- In Man After Man: An Anthropology of the Future, the "memory people" have perfect recall of their human ancestors' technology but refuse to use it because they also remember how human civilization collapsed and nearly took the planet down with it. Ironically, their Luddite attitude means they don't even consider recreating humanity's sustainable technologies, even though their own descendants would share the very same memories to warn them away from untenable courses of development.
- The Stand, Stephen King's Shout-Out to Lord of the Rings. In at least one Author Filibuster, the characters (mainly Cool Old Guy Glen Bateman) have plenty of time to discuss this issue after a plague wipes out most of humanity and conclude (after more bad stuff happens) that trying to rebuild the old government and society that engineered the plague would be a mistake. Since the old ways of American materialistic society were "a death trip", they follow the prophecies of a wise woman to cross the mountains on foot, carrying nothing, to face the demonic enemy leader in Las Vegas.
- Battlestar Galactica (2003): The finale veers in this direction. Veers? They abandoned their technology entirely to become hunter-gatherers... and then died!
- The Kids in the Hall: Parodied in one episode, in which a group of laborers who work all day at holding their arms in a sink full of fish guts are replaced by a machine full of mannequin hands which can do the same job. When the manager insists this is the way of technology, the laborers point out that the manager can be replaced by a machine too. Then he starts stuttering and falling apart because he's a robot.
- Monk: "Mr. Monk and the Really, Really Dead Guy" intentionally invokes the story of John Henry in regards to Adrian Monk vs. the technologically supplied FBI agents. However, given how over the top the FBI acts, it's likely this was more of a parody of modern crime dramas, such as CSI. In the end, the escaping bad guy is caught thanks to a high-tec hand-held device... that the chief threw at him.
- Revolution: Played with. A worldwide blackout occurs and stays in effect for 15 years. This results in a number of factions being formed, such as the Monroe Republic, which apparently has to do everything the old-fashioned way. However, "The Night the Lights Went Out in Georgia" reveals that the Georgia Federation has harnessed the power of steam and seems to have become more prosperous than the Monroe Republic. It also turns out in "The Song Remains the Same" that nanomachines caused the blackout to occur, but there are benefits they can provide, such as curing cancer and fixing broken legs ("The Longest Day"). Interestingly enough, a number of characters actually think that the blackout makes the world a better place, but they are revealed to be deluded and insane. One example would be in "Children of Men" when Aaron Pittman tries to explain to Dan Jenkins that if the power is not turned back on, then they could die from slight injuries becoming infect, and Jenkins just blows him off. Overall, the show seems to prove that despite the potential abuse of technology, the world would not be a better place without it.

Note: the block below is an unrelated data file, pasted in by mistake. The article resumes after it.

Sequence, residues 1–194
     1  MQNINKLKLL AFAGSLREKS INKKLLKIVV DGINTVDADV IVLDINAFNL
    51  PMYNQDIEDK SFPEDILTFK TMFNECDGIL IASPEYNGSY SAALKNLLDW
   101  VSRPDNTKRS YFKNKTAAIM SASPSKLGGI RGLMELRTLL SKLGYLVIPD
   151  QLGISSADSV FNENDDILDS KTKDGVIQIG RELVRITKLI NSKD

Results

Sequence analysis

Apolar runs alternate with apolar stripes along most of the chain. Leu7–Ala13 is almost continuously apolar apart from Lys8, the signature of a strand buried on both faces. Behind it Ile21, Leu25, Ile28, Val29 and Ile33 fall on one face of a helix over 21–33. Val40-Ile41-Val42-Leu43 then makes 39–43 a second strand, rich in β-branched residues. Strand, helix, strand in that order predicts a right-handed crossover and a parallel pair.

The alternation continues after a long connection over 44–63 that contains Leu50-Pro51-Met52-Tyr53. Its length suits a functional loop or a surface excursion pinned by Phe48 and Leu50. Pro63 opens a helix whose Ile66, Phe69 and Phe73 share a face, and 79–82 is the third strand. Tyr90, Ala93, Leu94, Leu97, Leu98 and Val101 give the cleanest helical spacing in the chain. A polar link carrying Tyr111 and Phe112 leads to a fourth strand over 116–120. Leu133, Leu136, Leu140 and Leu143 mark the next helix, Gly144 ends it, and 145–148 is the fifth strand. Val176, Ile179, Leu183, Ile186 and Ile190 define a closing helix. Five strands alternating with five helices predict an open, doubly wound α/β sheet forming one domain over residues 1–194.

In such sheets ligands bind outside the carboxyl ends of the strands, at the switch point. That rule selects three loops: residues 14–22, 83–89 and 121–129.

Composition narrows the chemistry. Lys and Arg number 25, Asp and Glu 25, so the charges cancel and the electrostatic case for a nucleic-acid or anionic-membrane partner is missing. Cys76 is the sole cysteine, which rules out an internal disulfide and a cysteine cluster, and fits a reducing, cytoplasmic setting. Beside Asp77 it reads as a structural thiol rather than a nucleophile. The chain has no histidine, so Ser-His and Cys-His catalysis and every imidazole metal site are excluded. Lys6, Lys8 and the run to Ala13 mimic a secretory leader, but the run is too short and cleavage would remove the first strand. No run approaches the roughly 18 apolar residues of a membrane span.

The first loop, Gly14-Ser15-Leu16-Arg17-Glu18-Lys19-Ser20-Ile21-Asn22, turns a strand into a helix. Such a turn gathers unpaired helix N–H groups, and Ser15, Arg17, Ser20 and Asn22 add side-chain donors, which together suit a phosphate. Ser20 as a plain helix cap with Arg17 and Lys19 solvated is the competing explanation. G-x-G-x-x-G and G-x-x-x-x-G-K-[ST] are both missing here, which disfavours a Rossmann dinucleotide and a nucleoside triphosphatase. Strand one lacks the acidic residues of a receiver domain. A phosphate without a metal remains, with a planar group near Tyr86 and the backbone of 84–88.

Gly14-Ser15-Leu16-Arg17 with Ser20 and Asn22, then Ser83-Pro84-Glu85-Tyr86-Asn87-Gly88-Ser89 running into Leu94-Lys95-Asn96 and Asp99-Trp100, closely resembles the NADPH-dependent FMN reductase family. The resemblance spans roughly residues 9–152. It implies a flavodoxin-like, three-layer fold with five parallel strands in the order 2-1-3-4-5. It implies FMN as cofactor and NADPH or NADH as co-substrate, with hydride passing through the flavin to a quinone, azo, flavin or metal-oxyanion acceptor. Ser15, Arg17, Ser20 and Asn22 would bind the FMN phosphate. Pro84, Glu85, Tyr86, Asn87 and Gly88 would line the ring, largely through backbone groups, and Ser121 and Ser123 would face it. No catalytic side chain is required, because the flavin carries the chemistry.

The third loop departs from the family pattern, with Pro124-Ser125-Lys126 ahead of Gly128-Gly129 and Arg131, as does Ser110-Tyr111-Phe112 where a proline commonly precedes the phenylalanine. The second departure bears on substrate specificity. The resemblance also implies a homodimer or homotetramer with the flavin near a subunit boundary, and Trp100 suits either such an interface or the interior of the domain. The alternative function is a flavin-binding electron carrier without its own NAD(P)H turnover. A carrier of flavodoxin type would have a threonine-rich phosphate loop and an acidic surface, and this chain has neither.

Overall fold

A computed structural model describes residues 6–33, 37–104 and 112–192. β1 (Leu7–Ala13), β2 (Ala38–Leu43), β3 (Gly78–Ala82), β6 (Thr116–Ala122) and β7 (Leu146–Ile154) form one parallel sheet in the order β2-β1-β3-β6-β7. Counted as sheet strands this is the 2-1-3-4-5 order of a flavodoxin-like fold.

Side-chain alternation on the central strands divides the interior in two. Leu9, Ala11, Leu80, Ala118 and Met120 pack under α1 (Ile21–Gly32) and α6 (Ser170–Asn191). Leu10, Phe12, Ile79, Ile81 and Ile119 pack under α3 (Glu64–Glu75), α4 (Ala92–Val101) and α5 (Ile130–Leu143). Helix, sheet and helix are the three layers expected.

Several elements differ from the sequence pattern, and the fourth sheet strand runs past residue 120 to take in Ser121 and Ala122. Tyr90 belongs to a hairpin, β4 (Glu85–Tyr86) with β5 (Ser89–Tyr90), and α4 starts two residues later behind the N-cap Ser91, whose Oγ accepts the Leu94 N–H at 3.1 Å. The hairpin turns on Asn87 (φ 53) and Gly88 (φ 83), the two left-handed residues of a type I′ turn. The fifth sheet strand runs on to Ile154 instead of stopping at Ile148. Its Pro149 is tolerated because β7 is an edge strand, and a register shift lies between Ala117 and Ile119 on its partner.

- Star Trek: The Original Series:
- The farmer/researchers in "This Side of Paradise" — although their contentment with being isolated and living with minimal technology seems to stem as much from the spores as from anything else.
- In the episode "The Ultimate Computer", a new computer has been developed that can control an entire starship by itself, making crews and captains obsolete. For the entire episode, Kirk, Bones and at one point (briefly) even Spock make speeches about how terrible it is that people will be replaced by machines, how the computer will take something of what it is to be a "man" away from humanity, how computers just can't do the job with the same "heart" as people, etc. Bones evokes the trope explicitly at one point, noting how hard it is to lose one's job to automation. Of course, just to drive the point home, it turns out that A.I. Is a Crapshoot, and the computer's designer was insane, to boot. Which of course proves that Ludd Was Right... even though it's made clear that if the designer was more psychologically stable, the computer might have worked just fine.
- One of the points of the Styx song "Mr. Roboto", from their rock opera Kilroy Was Here:
The problem's plain to see
Too much technology
Machines to save our lives
- R.U.R. (which coined the word "robot") has it that, after robots start doing all the work, people become hedonists and women no longer have children.
- Detroit: Become Human: Androids and automation have driven over 30% of the population into unemployment, taking over industries such as music, writing, art, and even detective work.
- Final Fantasy X: The Yevonites blame the existence of the Big Bad who has been ravaging the world for a thousand years on technology. The old civilization had highly advanced technology and magic to the point where manual labor seems to have been eliminated, but the destruction has reduced most of the world to a pretty primitive state although with a lot of Lost Technology going around. They claim the old ways of relying on machina (machines) made mankind so lazy that the big bad was sent in as divine punishment, and gave the creature the name Sin. Nobody seems to be worried about relying too much on magic, though, or about the fact that their capital city has a giant high tech sport stadium.